November 2017
Volume 58, Issue 13
Open Access
Retina  |   November 2017
Intraocular Pressure and Glaucomatous Optic Neuropathy in High Myopia
Author Affiliations & Notes
  • Jost B. Jonas
    Department of Ophthalmology, Medical Faculty Mannheim of the Ruprecht-Karls-University of Heidelberg, Mannheim, Germany
  • Natsuko Nagaoka
    Department of Ophthalmology and Visual Science, Tokyo Medical and Dental University, Tokyo, Japan
  • Yu Xin Fang
    Department of Ophthalmology, Medical Faculty Mannheim of the Ruprecht-Karls-University of Heidelberg, Mannheim, Germany
  • Pascal Weber
    Department of Ophthalmology, Medical Faculty Mannheim of the Ruprecht-Karls-University of Heidelberg, Mannheim, Germany
  • Kyoko Ohno-Matsui
    Department of Ophthalmology and Visual Science, Tokyo Medical and Dental University, Tokyo, Japan
  • Correspondence: Kyoko Ohno-Matsui, Department of Ophthalmology and Visual Science, Tokyo Medical and Dental University, 1-5-45 Yushima, Bunkyo-ku, Tokyo 1138510, Japan; k.ohno.oph@tmd.ac.jp
Investigative Ophthalmology & Visual Science November 2017, Vol.58, 5897-5906. doi:10.1167/iovs.17-21942
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      Jost B. Jonas, Natsuko Nagaoka, Yu Xin Fang, Pascal Weber, Kyoko Ohno-Matsui; Intraocular Pressure and Glaucomatous Optic Neuropathy in High Myopia. Invest. Ophthalmol. Vis. Sci. 2017;58(13):5897-5906. doi: 10.1167/iovs.17-21942.

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      © ARVO (1962-2015); The Authors (2016-present)

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Abstract

Purpose: To examine the association between intraocular pressure (IOP) and the prevalence of glaucomatous optic neuropathy (GON) in high myopia.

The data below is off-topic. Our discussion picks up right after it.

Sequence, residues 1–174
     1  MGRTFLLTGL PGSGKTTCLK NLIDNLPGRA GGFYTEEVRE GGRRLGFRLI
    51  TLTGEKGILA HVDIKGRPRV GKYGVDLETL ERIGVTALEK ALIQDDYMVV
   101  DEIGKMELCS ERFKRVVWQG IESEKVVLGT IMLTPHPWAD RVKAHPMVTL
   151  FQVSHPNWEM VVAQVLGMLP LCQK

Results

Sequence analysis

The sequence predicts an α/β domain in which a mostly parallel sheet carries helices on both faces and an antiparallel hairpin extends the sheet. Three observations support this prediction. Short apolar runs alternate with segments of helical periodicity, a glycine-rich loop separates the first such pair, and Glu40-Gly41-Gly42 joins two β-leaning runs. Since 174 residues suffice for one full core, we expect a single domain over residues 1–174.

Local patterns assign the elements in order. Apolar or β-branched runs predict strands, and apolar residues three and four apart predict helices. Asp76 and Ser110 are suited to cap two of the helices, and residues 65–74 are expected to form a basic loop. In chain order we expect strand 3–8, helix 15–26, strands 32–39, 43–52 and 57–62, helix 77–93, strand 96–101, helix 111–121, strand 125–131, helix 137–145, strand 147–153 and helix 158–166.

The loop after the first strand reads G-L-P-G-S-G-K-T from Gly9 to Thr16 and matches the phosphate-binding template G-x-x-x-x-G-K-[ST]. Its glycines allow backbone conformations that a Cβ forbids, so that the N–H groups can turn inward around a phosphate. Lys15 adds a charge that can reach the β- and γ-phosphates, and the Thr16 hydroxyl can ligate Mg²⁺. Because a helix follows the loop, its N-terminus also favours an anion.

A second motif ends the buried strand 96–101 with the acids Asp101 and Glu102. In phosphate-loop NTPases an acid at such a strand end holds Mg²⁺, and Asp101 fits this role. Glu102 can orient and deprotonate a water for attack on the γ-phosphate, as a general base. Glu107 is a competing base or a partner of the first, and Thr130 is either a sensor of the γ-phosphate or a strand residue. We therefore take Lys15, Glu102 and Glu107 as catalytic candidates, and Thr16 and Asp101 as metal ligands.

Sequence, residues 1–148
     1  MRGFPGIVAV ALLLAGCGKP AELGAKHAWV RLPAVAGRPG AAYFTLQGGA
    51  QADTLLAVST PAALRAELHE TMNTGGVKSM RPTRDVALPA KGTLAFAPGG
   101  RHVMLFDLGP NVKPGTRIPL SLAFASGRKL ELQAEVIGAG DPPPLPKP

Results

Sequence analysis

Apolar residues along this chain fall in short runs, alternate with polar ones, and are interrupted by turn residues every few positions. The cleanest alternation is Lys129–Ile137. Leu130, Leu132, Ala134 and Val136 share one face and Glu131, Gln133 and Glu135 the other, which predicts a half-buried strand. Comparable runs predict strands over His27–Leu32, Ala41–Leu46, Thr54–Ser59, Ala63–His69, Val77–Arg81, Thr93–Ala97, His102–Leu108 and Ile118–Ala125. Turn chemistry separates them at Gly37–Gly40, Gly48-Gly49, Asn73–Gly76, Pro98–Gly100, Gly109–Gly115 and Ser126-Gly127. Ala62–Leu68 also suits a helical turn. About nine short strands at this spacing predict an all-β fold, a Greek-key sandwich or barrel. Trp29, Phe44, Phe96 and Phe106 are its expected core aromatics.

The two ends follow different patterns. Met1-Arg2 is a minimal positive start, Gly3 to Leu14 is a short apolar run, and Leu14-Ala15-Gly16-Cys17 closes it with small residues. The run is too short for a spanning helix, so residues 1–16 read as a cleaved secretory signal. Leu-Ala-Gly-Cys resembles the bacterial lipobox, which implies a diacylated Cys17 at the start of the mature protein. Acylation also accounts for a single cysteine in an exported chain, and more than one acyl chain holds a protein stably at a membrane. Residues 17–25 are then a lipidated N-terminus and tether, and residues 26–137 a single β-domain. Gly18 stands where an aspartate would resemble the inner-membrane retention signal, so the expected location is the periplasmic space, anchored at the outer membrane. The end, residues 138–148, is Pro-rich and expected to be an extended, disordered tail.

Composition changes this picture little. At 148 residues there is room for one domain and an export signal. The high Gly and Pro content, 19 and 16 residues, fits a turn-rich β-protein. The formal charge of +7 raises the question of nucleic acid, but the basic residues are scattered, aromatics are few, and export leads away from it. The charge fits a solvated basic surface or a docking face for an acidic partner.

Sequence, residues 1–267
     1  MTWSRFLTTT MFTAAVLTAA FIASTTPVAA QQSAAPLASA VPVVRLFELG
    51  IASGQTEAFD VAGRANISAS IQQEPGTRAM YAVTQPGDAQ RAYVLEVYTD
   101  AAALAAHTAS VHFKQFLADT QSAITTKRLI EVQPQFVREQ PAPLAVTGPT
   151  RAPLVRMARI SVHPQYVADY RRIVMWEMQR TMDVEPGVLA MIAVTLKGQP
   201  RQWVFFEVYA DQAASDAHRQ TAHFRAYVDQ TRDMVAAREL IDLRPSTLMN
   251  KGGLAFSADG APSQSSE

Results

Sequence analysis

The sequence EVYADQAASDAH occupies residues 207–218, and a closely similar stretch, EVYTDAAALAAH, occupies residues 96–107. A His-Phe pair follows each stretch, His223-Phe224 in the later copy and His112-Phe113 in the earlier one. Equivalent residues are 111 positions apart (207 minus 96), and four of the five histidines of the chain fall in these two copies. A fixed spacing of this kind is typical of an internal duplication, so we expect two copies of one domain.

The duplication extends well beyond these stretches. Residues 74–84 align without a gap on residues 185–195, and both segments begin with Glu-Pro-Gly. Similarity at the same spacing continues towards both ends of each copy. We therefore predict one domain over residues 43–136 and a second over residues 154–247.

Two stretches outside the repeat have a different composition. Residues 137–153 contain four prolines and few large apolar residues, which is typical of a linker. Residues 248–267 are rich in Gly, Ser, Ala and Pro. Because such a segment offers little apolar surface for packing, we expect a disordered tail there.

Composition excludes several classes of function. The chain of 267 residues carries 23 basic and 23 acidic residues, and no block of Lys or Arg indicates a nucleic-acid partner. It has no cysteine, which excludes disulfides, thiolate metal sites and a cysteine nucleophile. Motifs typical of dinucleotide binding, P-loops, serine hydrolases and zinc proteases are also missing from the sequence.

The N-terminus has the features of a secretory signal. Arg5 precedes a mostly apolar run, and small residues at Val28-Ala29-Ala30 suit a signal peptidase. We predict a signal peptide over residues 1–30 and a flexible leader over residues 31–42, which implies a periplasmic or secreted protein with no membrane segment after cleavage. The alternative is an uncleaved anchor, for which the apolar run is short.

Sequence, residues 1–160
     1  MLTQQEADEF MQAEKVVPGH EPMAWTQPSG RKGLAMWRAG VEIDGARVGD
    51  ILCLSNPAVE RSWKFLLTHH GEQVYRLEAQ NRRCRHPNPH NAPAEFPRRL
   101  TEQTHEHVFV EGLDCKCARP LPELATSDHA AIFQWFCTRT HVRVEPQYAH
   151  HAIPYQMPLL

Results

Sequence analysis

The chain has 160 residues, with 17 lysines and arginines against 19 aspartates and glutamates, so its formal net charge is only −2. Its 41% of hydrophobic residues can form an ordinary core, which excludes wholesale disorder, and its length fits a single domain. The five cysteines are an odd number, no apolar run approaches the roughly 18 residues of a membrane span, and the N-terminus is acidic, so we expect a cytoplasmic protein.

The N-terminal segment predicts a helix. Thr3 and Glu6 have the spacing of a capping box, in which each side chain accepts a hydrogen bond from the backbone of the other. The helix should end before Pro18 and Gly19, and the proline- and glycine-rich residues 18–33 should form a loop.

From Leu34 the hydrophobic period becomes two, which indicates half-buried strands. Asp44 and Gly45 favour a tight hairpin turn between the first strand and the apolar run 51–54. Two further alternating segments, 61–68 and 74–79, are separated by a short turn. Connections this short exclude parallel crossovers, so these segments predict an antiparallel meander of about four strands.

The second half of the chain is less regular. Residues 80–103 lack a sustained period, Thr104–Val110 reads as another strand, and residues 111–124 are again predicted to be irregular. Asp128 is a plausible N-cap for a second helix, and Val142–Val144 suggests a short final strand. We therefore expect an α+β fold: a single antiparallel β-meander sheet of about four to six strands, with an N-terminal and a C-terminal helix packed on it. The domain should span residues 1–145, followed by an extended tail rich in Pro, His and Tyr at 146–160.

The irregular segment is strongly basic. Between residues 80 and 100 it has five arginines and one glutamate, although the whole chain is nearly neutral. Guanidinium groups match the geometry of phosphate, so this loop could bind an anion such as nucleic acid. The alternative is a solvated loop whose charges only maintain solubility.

Methods: The hospital-based observational study consisted of patients treated in the Tokyo High Myopia Clinics and for whom fundus photographs and IOP readings were available. The appearance of the optic nerve head on fundus photographs was the basis for the definition of GON.

Results: Among 517 eyes of 261 patients (mean age: 62.1 ± 14.2 years; range: 13–89 years; mean axial length: 29.5 ± 2.2 mm; range: 23.2–35.3 mm), GON was present in 141 eyes (27.3%; 95% confidence intervals [CIs]: 23.4, 31.0). Mean IOP did not differ significantly (P = 0.53) between the glaucoma group (14.5 ± 3.3 mm Hg; median: 14 mm Hg; range: 8–38 mm Hg) and the nonglaucomatous group (14.7 ± 2.5 mm Hg; median: 14 mm Hg; range: 6–23 mm Hg). In eyes with an axial length of ≤27.4 mm, higher presence of GON was correlated only with higher IOP (P = 0.037; odds ratio [OR]:1.35; 95% CI: 1.02, 1.80). In eyes with an axial length of ≥27.5 mm, presence of GON was correlated with older age (P < 0.001; OR: 1.05; 95% CI :1.03, 1.08), longer axial length (P < 0.001; OR: 1.60; 95% CI: 1.34, 1.91), shorter vertical diameter of the temporal arterial arcade (P = 0.009; OR: 0.82; 95% CI: 0.71, 0.95), and longer minimal optic disc diameter (P = 0.002; OR: 3.07; 95% CI: 1.52, 6.21). If IOP was added to the model, it was not significantly associated with the prevalence of GON (P = 0.97; OR: 1.00; 95% CI: 0.91, 1.10).

Conclusions: GON was associated with elevated IOP in myopic eyes with an axial length of ≤27.4 mm, while in more highly myopic eyes (axial length ≥27.5 mm), larger optic disc, longer axial elongation and older age—but not IOP mostly within its normal range—were factors associated with GON. Future studies may examine an abnormally low IOP to be associated with a lower GON prevalence in highly myopic eyes.